At this point, you have a general idea of what your project will entail. It is now time to put together a more detailed plan on how to complete the project. The plan should address the entire project, including any preperation that is necessary, such as building research apparatus or aquiring specialized research materials. It should present any experiments and how results will be evaluated.
A research plan needs to be detailed. It is not sufficient to say, "I am going to make an airplane" or "I am going to see how a plant grows in dirt." The plan needs to indicate all the steps you plan on taking such that another person reading the research plan could repeat your process.
The research plan must address safety and health issues. This means you must understand the materials and processes involved, as well as the risks and the way to minimize those risks. The risks should be enumerated as well as how they will be addressed. For example, if animals are used in an experiment, then their care, feeding, and housing after the experiment must all be addressed in the research plan.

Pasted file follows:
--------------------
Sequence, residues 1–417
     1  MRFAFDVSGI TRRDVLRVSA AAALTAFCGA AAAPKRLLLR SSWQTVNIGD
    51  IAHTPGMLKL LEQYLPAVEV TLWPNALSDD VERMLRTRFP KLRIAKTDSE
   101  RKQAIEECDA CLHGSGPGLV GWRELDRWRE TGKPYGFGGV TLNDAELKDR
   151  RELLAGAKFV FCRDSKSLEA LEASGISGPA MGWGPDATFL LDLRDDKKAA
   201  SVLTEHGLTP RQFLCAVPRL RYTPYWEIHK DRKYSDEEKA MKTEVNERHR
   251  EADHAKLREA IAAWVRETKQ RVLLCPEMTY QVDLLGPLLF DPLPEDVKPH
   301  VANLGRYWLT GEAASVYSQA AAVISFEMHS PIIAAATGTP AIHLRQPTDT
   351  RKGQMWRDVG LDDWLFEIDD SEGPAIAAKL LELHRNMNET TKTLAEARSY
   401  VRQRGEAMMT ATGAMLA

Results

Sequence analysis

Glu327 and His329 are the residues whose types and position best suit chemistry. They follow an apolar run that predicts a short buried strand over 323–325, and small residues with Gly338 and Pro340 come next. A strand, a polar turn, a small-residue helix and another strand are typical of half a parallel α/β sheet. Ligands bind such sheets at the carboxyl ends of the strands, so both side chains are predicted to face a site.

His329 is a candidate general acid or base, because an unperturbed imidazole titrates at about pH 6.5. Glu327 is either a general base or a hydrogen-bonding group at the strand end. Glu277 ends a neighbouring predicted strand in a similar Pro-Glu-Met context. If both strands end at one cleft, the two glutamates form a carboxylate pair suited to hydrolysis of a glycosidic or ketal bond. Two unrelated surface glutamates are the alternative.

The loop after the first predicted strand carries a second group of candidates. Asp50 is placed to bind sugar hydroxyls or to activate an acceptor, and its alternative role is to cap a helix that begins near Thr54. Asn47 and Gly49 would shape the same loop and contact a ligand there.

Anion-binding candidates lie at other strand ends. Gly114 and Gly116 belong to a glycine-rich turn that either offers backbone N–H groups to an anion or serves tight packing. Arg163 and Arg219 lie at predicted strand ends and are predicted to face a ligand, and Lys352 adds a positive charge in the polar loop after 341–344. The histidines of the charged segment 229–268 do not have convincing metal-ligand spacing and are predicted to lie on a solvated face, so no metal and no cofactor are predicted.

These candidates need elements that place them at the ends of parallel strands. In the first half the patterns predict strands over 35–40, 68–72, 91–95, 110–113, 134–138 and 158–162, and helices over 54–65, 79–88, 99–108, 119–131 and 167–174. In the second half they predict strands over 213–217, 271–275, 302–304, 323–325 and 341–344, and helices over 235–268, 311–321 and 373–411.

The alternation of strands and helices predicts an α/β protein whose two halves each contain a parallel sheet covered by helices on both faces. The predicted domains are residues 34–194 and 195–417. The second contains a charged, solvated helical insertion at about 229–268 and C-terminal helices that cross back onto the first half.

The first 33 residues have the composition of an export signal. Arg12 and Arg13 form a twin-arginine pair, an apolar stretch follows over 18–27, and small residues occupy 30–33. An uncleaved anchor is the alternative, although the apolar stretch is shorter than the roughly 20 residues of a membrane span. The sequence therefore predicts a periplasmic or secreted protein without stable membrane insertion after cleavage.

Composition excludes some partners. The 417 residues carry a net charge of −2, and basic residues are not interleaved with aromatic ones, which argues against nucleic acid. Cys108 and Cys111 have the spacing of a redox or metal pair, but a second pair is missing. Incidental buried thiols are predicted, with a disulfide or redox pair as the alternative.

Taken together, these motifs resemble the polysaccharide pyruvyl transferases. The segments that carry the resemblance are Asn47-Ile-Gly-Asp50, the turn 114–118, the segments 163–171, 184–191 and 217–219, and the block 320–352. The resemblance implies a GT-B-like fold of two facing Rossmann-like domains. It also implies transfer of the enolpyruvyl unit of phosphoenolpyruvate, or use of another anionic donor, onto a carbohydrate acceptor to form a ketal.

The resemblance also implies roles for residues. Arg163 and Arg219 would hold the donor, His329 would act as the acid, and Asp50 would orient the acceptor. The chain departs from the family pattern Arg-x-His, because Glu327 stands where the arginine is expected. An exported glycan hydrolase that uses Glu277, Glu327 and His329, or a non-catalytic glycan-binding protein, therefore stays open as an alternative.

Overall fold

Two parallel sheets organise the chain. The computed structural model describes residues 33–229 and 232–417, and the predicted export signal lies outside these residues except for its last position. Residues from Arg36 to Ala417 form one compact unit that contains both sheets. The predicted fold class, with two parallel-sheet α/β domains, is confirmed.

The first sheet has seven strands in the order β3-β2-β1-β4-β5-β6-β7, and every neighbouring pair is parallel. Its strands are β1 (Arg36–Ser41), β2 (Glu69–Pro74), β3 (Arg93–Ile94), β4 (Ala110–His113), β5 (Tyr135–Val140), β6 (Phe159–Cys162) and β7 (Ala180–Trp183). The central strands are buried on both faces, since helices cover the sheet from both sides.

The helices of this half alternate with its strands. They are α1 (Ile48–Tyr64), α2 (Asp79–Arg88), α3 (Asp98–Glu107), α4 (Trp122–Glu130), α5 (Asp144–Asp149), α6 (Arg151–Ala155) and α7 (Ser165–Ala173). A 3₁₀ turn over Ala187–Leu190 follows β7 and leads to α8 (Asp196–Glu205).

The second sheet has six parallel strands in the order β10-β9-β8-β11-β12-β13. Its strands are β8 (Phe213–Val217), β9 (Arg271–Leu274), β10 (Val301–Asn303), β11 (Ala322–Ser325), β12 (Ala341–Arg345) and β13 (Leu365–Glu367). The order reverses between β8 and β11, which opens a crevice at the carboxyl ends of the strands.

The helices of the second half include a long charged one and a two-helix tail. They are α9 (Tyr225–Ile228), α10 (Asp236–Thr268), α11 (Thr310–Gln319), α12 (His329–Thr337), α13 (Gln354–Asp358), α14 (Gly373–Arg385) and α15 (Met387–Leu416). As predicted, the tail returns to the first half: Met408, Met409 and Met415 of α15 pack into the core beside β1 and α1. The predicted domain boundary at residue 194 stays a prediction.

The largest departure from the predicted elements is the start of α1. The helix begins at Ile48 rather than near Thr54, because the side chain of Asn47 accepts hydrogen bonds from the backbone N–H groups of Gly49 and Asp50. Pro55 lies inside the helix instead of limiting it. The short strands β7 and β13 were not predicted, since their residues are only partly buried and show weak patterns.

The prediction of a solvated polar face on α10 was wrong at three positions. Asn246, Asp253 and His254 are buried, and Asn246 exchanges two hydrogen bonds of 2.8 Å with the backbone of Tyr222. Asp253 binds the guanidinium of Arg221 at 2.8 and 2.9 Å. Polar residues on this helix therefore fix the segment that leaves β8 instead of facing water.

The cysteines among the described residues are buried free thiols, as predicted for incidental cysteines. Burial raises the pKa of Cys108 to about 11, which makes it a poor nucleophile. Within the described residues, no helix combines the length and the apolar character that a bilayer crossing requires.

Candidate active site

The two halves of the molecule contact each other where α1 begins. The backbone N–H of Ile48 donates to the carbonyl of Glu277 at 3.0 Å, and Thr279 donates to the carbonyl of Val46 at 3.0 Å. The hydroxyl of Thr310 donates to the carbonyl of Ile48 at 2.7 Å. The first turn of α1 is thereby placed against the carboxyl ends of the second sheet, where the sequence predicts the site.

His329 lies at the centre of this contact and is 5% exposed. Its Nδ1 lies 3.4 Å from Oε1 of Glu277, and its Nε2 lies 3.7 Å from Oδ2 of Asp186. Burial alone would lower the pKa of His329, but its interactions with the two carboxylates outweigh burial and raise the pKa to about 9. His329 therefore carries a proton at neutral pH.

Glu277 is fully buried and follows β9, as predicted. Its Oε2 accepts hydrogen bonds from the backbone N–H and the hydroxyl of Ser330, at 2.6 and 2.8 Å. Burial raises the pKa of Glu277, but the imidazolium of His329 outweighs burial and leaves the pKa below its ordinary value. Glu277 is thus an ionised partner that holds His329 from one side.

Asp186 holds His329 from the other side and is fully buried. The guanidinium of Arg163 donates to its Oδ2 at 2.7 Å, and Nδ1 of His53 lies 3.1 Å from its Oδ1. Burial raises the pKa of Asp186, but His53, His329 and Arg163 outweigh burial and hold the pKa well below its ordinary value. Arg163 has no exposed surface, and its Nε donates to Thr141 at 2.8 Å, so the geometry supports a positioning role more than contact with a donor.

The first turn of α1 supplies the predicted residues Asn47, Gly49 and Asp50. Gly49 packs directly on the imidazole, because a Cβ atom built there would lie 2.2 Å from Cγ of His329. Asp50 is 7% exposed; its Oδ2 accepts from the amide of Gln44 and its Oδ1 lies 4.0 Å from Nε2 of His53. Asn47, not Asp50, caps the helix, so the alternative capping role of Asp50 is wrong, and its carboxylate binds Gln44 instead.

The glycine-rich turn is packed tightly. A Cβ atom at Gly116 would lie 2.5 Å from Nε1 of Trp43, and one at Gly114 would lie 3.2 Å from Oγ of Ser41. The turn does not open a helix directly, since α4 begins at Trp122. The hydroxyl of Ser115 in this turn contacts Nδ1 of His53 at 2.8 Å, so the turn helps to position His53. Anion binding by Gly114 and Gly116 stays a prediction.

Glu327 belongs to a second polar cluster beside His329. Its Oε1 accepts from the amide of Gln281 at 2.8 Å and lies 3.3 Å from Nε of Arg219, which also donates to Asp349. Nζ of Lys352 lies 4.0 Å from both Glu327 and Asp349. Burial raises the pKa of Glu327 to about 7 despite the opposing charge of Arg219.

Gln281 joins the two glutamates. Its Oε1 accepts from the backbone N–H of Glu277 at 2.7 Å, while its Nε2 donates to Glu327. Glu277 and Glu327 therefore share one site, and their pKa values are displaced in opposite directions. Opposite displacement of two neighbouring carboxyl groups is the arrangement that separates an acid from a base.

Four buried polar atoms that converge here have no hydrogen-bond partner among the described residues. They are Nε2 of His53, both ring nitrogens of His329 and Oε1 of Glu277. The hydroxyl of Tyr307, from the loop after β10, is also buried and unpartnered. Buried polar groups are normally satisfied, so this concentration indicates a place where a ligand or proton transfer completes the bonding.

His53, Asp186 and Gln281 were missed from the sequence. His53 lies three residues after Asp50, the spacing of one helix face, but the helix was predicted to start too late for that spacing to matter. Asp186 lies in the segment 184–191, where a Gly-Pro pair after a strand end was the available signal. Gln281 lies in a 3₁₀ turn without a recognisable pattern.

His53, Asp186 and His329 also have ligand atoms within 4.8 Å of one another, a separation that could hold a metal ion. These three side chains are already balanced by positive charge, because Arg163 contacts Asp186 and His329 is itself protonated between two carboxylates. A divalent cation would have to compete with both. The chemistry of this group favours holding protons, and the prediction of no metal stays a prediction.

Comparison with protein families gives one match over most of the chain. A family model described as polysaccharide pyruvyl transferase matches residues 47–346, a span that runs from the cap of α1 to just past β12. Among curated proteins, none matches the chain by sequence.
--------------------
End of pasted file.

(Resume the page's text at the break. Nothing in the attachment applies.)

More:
Your mentor/adult-in-charge/supervisor will review your research plan and may suggest changes. Likewise, the research plan may have to be reviewed by a safety review committee before your experiments can begin. The more details in the plan, the better the chance that it will be approved without changes.
A research plan needs to be as long as necessary. It may fit on one page or many pages.
- A research plan is not a research paper and it does not need to include references unless these are related to the research plan.
- A research plan MUST include any safety related information as well as any disposal procedures when necessary. This is usually the case for biological projects that detail with microorganisms, tissues, etc.